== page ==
As explained above Audio LTC is one of the most accurate Timecode source. You have to make sure that the same Audio LTC is distributed to:
- the solution that is recording the camera ISOs (MovieRecorder supports Audio LTC too)
- Multicam Logger
There are a lot of timecode generators around that can generate an Audio LTC timecode, and as Audio LTC is "just" an audio signal, you can then route it to any audio input on your Mac.
You can use either:
- the built-in input of your Mac if it has one (recent Mac Pros don't have an audio input),
- or you can purchase an external audio device that you connect to your Mac. There are many brands available and you can use almost any video device that will be seen by the macOS, but NOT the same device that is used for the video and audio signal by MovieRecorder (see below the common mistakes)
- you could also use an audio channel of a multichannel AJA or Blackmagic-Design device (as they are seen in system preferences), but in that case the corresponding input can NOT be used as a MovieRecorder source, and you won't be able to record video from it. And this is why we do not recommend this.
Here are the most common mistakes done when using Audio LTC
- Multicam Logger can only read Audio LTC using 48 KHz. Make sure that your source is indeed in 48KHz in the application "Audio MIDI Setup".
- Multicam Logger can NOT use the Audio LTC input of a video device (such as the connectors available on the AJA Io 4K, Io XT, or Blackmagic-Design UltraStudio 4K, or the Deltacast companion card for the M|family). Multicam Logger can only support Audio LTC that will get in an audio channel of a video/audio input of your device.
- Do not use the same device that is used by MovieRecorder as a Audio LTC timecode source for Multicam Logger. Indeed, the audio LTC reader in the preferences uses a different method to access the device than the one used for the video sources. Most video devices don't support to be accessed by those 2 methods simultaneously and will thus create issues both for the timecode reader and for the video source. The only case you could do that is if you only use the input for reading the LTC, and not as a video source to record with MovieRecorder.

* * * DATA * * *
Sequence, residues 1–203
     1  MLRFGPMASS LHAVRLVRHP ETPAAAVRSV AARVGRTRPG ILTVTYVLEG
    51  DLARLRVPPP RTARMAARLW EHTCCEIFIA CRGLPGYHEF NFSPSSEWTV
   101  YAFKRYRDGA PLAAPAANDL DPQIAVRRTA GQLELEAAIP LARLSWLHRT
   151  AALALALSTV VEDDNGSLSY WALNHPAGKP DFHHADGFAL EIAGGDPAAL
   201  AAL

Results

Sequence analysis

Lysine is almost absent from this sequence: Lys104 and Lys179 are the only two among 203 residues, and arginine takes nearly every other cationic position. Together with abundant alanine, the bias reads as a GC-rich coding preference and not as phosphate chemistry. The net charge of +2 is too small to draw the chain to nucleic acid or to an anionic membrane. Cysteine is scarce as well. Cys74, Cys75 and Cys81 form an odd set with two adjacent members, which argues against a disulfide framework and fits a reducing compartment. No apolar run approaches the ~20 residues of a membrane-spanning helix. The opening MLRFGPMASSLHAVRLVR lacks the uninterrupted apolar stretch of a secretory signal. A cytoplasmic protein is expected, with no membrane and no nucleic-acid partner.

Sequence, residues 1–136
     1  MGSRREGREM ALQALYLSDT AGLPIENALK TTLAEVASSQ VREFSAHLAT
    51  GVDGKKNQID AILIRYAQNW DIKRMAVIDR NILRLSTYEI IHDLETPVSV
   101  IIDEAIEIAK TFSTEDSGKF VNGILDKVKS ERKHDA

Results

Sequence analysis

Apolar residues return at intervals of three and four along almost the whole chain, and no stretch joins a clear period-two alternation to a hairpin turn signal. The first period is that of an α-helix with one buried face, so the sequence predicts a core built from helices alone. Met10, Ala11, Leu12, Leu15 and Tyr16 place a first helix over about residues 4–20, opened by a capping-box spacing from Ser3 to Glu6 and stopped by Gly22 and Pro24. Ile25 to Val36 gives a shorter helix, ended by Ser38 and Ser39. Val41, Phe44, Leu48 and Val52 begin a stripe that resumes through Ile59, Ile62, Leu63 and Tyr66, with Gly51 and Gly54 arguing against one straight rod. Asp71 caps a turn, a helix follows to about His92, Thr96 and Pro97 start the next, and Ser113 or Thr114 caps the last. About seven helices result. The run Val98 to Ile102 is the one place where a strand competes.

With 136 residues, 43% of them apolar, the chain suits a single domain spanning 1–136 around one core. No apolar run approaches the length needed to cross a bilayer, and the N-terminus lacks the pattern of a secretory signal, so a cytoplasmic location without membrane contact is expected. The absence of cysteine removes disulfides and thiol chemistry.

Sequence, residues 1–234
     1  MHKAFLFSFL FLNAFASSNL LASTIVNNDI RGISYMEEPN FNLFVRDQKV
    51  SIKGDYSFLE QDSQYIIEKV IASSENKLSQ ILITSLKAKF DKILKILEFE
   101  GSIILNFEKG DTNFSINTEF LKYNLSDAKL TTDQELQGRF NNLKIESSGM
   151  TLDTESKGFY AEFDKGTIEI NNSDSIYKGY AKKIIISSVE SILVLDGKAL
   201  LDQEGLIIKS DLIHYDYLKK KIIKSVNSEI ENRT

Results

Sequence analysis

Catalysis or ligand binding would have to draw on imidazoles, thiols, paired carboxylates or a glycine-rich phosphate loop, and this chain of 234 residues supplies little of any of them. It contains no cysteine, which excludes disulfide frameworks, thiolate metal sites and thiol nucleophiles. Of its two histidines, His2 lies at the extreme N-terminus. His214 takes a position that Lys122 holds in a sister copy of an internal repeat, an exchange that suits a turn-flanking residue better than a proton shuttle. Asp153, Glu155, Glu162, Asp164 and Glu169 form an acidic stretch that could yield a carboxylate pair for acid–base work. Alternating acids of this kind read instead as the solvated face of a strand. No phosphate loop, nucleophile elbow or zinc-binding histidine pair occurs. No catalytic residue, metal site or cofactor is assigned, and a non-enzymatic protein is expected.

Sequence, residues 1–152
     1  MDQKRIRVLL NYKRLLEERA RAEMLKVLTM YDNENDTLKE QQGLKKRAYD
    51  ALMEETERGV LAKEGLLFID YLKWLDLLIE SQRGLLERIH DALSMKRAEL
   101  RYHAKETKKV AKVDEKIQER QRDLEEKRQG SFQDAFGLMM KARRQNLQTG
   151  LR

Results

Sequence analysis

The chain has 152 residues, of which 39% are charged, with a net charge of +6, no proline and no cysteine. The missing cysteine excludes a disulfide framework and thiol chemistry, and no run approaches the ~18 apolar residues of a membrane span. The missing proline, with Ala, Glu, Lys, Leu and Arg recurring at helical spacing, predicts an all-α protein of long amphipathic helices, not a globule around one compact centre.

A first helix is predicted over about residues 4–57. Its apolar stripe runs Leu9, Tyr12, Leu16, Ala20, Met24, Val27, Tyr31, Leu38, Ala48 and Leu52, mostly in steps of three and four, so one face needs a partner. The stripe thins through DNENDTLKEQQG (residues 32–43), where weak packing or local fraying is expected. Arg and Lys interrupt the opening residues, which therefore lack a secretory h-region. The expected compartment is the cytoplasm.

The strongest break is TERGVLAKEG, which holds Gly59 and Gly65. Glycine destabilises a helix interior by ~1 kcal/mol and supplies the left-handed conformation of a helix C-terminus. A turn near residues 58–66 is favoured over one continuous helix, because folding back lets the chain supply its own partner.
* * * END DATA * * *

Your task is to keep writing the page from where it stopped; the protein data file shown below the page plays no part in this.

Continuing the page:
- Check if your Timecode signal uses balanced or unbalanced audio, and check if the audio input you use is balanced or unbalanced. If for example your timecode signal is balanced (usually on XLR connectors), and your Audio input is unbalanced, you will need to unbalance the signal before entering it, and/or modify the input level.
- You may have to check the System Audio input configuration (in the Mac System Preferences) and modify the Audio input level so that the signal is loud enough but not too loud so we can best interpret it.
When you choose Audio LTC as TC source, you can set:
- Offset in Frames.
- The Audio device to be used (the audio input on your Mac that receives the Audio LTC signal. It can be any audio input on your Mac)
- The Channel of the audio device
- The frames per seconds of the Audio LTC
Timecode Systems is a company that provide timecode generators and distributors. The solutions can be very flexible as Timecode can be distributed through RF and/or Wi-fi.
When you choose Timecode Systems as TC source, you can set:
- Offset in Frames.
You can read more about the setup of Timecode Systems products here: